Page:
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A coyote peering from a backyard in Toronto.
Coyotes and other wildlife are making backyards and urban communities part of their homes. THE CANADIAN PRESS/Silvio Santos

How coyotes and humans can learn to coexist in cities

It’s a common story in many North American cities: a coyote is seen on an urban trail, sports field or schoolyard. Members of the public panic, insisting that the proximity or frequency of these sightings mean the coyote has become bold, aggressive or habituated. Public authorities are pressured to take action and, since relocation is often unfeasible or not permitted, trappers are called in and coyotes are killed, often generating substantial public outcry.

If food resources — garbage, pet food, bird feeders — and community behaviours, like intentional feeding or not wildlife proofing property, remain unchanged, it’s only a matter of time before other animals move in to fill the niche and the cycle begins again.

It’s past time to accept that lethal methods and relocation are neither effective, sustainable nor humane approaches to human-wildlife conflicts. We need better solutions for coexistence.

The question of how to coexist with wildlife in urban environments led to a research collaboration between me, an animal geographer at Queen’s University, and Coyote Watch Canada (CWC). Part of this has involved assessing nonlethal approaches to coyote management, including the use of aversion conditioning, also termed “humane hazing.” Aversion conditioning uses deterrents — such as gestures, voice or a noisemaker — during encounters, safely compelling wildlife to move away from humans.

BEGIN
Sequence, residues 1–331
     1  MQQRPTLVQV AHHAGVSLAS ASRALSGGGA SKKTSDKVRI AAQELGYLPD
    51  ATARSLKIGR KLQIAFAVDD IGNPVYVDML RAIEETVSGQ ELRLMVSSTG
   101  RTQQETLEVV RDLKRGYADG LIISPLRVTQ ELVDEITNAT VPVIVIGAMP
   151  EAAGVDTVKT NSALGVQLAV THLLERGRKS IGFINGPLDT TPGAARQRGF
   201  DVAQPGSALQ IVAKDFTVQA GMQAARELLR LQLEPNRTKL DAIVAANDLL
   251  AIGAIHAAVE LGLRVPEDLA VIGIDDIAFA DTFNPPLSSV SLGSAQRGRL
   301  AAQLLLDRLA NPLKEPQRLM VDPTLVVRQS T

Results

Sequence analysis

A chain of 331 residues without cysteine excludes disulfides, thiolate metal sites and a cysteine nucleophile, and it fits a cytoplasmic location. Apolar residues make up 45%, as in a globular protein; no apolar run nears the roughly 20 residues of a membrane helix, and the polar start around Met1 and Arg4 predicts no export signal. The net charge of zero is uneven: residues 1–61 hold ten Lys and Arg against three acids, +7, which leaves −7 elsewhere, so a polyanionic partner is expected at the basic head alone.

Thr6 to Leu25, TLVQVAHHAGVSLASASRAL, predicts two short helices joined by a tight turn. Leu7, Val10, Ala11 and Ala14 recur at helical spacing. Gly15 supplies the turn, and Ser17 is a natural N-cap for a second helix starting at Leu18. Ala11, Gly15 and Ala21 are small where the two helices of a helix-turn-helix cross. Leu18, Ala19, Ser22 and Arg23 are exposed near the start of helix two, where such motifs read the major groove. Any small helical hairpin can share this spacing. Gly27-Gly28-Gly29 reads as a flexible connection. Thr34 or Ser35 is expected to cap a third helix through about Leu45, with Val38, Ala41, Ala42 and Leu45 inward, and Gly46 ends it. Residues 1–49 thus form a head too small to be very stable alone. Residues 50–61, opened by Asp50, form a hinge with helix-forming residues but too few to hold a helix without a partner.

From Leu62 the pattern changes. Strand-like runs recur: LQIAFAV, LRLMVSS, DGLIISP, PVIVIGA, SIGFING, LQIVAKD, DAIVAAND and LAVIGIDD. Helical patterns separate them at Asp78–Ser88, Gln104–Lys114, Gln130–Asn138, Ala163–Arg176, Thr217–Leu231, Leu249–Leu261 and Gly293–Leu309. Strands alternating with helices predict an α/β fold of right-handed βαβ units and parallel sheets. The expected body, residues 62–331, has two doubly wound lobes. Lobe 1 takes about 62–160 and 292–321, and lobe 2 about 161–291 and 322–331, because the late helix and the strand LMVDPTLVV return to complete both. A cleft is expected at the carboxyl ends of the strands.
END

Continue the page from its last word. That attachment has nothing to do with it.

Aversion conditioning

Coyote Watch Canada has been working to change the narrative and outcomes of human-coyote interactions. As a recent example, when concerned parents and teachers reported a coyote frequenting a schoolyard in London, Ont., in May 2018, an investigation revealed the coyote was drawn to the site by the abundant groundhog population.

After several deployments of aversion conditioning by members of the CWC Canid Response Team (a team of trained volunteers who implement on-the-ground responses such as investigation, rescue and conflict resolution) and trained school staff, the coyote stopped frequenting the schoolyard, and there have been no issues since.

This story has two key take-aways. First, coyote behaviour and motivation is often misinterpreted — a situation not helped by pervasive media sensationalism. For instance, although coyotes are often presented as a safety threat, data demonstrate that your chances of being bitten by a coyote are infinitesimal compared with the risks of living around other animals, especially domestic dogs, and that nearly all coyote bites are the result of human feeding leading to food-conditioned behaviour. Second, aversion conditioning is a safe and effective nonlethal tool to mitigate coyote concerns in urban areas.

Although aversion conditioning is increasingly advocated by many organizations and communities, key questions remain, including: How should it be implemented, and by whom? What factors influence its efficacy and outcomes? What results are we trying to achieve, and how can they be measured?

How people can deter coyotes from homes and properties.

Researchers and communities are assessing hazing as a tool for urban coyote management.